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Terrence Donnelly

On May 20, 1878, police arrested Terrence O’Neil Donnelly on a charge of forgery. Donnelly, a Brooklyn, New York, real estate developer, claimed he knew nothing about the alleged forgery.

Unable to pay his $15,000 bail, Donnelly remained in jail until his trial in June 1878. At Donnelly’s trial, two young men testified that Donnelly was their accomplice in the forgery scheme. He was convicted of third-degree forgery on June 15, 1878 and sentenced to two and a half years at the state prison in Sing Sing.

Not long after Donnelly’s conviction, the two witnesses recanted their trial testimony, saying that they had committed the forgery alone and Donnelly had not been involved. The men produced the money they had gained from the forgery and convinced New York Governor Lucius Robinson that Donnelly was innocent.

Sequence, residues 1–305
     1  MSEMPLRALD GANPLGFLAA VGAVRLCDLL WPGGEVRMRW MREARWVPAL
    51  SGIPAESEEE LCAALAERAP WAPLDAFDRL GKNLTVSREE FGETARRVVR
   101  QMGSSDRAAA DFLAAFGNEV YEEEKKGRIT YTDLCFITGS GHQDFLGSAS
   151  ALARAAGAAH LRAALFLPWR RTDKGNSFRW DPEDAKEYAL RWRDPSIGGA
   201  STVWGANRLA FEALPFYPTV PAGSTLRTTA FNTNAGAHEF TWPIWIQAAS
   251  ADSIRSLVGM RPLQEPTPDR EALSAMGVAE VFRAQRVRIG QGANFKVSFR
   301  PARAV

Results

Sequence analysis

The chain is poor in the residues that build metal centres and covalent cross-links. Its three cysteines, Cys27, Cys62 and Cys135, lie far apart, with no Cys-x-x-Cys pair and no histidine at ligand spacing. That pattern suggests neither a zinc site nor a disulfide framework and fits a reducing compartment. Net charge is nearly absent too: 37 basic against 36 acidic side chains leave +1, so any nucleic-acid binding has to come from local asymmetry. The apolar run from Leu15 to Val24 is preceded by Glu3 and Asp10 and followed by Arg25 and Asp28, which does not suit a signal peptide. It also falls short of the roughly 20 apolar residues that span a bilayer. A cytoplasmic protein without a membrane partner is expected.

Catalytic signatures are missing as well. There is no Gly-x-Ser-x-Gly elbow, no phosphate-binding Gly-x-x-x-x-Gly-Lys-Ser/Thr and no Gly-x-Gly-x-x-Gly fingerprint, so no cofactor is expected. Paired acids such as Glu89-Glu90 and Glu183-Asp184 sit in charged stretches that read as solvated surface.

On October 26, 1878, Robinson pardoned Donnelly on the basis of innocence.

Donnelly’s months in prison took a substantial toll on his wife, five children, and business. In that time, the family lost its home and much of its savings. Donnelly sought damages for his false imprisonment from the New York Legislature. On May 22, 1879, the New York Board of Audit awarded Donnelly $8,000 in compensation. Robinson signed a bill authorizing payment on May 28, 1879.

- Meghan Barrett Cousino
Most Serious Crime:Forgery or Counterfeiting
Reported Crime Date:1878
Sentence:2.5 years
Race/Ethnicity:Don't Know
Age at the date of crime:
Contributing Factors:Perjury or False Accusation